Following this initial canvas-building, we suggest teams borrow from the BASEDEF framework to consider how to do work incrementally instead of over-scoping or working privately for so long others forget what they’re doing. This is important considering the asynchronous, remote, and variable work that often loses information from meeting to meeting.
Issues and improvements
Many projects at Open Austin are never completed or delivered to external stakeholders, and many others languish after contributors, champions, or material support are disengaged. This is to be expected from a volunteer group, and it’s actually not too big of a deal when it comes to our values. When I first joined the team, I actually poked people a little too hard to figure out why they hadn’t shared their progress (or any update) with the community.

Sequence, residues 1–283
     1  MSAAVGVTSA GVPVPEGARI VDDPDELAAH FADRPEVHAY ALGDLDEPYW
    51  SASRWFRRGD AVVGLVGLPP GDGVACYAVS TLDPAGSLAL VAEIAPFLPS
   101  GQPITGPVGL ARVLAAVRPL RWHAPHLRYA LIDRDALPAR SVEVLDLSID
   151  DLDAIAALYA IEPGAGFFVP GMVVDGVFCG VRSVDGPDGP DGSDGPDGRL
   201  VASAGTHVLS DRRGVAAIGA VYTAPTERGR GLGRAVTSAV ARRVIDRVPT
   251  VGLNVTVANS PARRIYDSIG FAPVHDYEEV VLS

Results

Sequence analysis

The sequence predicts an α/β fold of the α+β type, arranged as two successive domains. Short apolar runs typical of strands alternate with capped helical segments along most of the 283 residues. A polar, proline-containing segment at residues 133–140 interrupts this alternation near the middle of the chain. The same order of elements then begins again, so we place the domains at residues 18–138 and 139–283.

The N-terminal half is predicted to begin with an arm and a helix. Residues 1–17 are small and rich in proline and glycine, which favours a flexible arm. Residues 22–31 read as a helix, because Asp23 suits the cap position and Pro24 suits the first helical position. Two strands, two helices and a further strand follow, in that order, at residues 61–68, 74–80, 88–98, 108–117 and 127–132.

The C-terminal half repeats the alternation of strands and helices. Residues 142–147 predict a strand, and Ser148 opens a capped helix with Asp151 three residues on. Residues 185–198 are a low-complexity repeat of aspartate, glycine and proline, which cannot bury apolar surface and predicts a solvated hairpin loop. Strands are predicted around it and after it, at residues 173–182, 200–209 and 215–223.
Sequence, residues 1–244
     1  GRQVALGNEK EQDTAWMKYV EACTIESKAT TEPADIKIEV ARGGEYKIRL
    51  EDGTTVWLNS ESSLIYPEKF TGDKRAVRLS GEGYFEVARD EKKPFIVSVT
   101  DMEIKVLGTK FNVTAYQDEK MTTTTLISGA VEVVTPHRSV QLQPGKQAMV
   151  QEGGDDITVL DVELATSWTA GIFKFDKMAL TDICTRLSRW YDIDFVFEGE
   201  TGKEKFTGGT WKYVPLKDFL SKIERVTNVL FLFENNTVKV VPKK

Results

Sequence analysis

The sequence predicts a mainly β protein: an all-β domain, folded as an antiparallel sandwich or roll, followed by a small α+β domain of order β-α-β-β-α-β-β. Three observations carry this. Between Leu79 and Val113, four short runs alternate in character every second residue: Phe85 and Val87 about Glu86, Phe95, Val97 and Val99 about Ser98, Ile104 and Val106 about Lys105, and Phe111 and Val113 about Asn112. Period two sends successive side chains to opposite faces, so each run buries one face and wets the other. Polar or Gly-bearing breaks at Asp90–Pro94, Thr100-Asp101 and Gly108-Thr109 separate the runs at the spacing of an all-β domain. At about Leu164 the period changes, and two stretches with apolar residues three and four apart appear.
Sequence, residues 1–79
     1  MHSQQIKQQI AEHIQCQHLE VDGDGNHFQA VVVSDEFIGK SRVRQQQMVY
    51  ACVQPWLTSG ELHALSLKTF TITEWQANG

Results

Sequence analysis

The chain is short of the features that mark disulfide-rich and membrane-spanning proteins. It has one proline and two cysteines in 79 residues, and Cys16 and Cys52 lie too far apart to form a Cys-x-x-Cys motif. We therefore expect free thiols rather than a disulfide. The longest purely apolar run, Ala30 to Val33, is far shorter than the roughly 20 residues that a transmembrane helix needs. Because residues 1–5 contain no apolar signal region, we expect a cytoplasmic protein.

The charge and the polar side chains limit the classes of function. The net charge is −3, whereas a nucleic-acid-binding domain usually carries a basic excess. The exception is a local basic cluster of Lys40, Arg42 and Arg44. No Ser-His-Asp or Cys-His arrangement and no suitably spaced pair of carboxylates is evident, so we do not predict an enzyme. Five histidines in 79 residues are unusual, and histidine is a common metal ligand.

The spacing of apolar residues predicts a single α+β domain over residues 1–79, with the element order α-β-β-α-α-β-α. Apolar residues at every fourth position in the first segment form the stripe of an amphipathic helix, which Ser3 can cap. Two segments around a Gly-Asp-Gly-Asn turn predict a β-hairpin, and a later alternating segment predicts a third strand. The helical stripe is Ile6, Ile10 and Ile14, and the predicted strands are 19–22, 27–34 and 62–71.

I toned it down a bit after we discussed what our values were and what we commit, as an organization, to members and friends in the community. However, we would like to have more of an impact on our communities, which requires us to build trust with them, which requires more discipline in how we manage to complete projects.
Early in 2017, after discussing this issue among our leadership team and other Code for America leaders, we put together an agenda to change how we might be more effective at managing our projects and, more fundamentally, our organization itself:
- Define what services we offer as an organization and how
- Develop a project management framework that better articulates expectations with stakeholders and builds trust
- Research legal structures required to accept more impactful work
- Pilot our nonprofit capabilities with a highly impactful project